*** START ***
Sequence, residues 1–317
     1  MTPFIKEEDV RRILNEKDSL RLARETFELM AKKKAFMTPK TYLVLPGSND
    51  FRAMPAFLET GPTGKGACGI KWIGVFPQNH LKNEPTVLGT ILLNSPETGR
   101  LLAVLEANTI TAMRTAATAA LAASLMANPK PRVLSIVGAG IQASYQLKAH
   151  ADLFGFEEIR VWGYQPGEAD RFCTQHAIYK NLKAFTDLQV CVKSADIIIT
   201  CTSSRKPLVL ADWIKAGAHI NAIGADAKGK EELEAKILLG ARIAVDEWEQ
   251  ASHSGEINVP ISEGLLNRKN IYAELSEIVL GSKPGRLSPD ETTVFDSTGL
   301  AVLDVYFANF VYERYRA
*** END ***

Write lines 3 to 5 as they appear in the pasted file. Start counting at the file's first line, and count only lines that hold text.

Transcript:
    51  FRAMPAFLET GPTGKGACGI KWIGVFPQNH LKNEPTVLGT ILLNSPETGR
   101  LLAVLEANTI TAMRTAATAA LAASLMANPK PRVLSIVGAG IQASYQLKAH
   151  ADLFGFEEIR VWGYQPGEAD RFCTQHAIYK NLKAFTDLQV CVKSADIIIT